In the tribe’s view, the decision to grow industrial hemp is well within its right to self-determination. The tribal council based its approval of the hemp ordinance on the Fort Laramie Treaty, which sets apart land for the “absolute and undisturbed use and occupation” of the Lakota.
The gray zone between the Oglala Lakota people’s right to self-determination and federal drug laws is where Alex White Plume now finds himself trapped.
“They’re treating us like second-class citizens, like wards of the state,” says White Plume, who is considering suing the government for compensation and has started soliciting donations to a legal fund. “To me, it’s like the US going into Canada and raiding a hemp field over there.”
“The US position is [that] the general drug laws apply equally on Indian reservations as they do anywhere else in the US,” says Ted McBride, US Attorney for the district of South Dakota, who is handling the case. He says that federal law supersedes tribal law.
That sentiment infuriates some members of the tribe, whose resentments go back more than 200 years of treaties made with — and broken by — the US. The bloody history of US-Lakota relations includes the 1890 massacre of 180 Lakota at Wounded Knee, and the 1973 siege at the same site.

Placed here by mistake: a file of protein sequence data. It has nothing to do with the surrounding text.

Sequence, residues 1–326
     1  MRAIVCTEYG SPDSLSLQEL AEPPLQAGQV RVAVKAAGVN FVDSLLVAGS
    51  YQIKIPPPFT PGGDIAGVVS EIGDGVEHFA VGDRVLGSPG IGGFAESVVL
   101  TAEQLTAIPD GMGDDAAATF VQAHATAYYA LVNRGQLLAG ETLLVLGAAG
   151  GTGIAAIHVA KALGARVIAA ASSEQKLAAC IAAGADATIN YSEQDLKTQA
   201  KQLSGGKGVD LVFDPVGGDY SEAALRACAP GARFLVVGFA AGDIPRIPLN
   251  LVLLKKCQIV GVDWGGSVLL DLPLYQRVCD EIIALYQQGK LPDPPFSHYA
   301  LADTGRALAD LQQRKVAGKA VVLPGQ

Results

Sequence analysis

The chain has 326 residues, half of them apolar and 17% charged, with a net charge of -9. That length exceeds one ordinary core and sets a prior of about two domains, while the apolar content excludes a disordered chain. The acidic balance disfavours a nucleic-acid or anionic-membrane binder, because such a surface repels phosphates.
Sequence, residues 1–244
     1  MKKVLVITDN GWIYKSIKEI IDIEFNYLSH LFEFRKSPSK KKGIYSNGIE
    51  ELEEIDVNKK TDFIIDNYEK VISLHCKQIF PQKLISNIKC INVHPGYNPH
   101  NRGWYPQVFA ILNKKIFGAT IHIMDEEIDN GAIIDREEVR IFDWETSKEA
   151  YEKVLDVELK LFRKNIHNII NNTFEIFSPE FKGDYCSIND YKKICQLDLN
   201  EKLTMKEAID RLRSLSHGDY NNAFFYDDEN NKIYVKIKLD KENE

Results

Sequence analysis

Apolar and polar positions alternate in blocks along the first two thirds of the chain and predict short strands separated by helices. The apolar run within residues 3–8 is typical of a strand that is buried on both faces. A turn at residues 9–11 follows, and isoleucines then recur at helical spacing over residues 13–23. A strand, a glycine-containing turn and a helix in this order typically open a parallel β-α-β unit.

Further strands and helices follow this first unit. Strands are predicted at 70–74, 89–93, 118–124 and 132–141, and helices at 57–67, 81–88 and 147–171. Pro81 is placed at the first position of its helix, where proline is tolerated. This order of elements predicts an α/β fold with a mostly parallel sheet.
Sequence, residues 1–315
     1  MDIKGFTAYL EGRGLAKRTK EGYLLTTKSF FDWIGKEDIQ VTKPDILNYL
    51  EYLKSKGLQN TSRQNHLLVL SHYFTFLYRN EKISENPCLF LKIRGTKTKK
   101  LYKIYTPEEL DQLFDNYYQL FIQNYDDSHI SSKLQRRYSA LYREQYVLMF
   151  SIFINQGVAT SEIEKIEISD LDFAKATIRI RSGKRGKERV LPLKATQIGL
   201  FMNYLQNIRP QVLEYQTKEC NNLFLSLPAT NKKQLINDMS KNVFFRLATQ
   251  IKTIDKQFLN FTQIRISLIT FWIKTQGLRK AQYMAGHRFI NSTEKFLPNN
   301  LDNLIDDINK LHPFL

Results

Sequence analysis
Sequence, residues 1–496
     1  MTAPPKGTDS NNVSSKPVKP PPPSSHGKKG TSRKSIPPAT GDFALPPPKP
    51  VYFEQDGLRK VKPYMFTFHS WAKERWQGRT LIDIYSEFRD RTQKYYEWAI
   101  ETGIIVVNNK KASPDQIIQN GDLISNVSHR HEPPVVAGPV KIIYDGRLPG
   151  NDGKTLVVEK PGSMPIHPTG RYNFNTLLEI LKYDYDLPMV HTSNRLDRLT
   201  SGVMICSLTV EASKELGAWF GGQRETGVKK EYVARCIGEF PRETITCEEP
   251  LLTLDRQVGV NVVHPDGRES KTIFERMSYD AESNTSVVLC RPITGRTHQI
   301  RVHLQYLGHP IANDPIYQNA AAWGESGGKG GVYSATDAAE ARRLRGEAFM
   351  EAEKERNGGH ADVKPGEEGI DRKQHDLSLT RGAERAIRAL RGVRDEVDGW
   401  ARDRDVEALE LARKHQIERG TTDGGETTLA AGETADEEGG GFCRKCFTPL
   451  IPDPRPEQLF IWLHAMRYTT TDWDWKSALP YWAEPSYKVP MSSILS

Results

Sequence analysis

Like many American Indian tribes, the Lakota were once a self-sufficient nation. Today the reservation is known for high rates of poverty, disease, alcoholism, and suicide. Poor living conditions are exacerbated by overcrowding because of a shortage of as many as 2,000 housing units on Pine Ridge — one family of 23 lives in a single trailer.
Members of a Pine Ridge group called the Slim Butte Land Use Association want to change that. Five years ago, they decided to pursue a hemp project to create jobs and housing. They began by purchasing industrial hemp from Canada — where it’s been legally grown since 1998 — to build a “demonstration house.” The house, which is nearing completion, is built from “hempcrete” — durable, concrete-like blocks that are made from hemp, cement, lime, and sand.
But if the hemp project is to succeed long-term, supporters say, the Oglala Lakota will have to grow their own instead of relying on expensive imports. That’s why the tribe passed the ordinance, and Alex White Plume became a farmer.
Ironically, industrial-grade hemp was already growing wild on Pine Ridge, thanks to the federal government’s “Hemp for Victory” campaign during World War II. White Plume used seeds from plants growing locally and from the Nebraska wetlands for his field.
“I can’t describe the beauty of those plants,” says White Plume. “Other than the pulling of the weeds, you don’t have to add anything; no pesticides or fertilizers. They just grow. People came from all the country to see them-they were in awe.”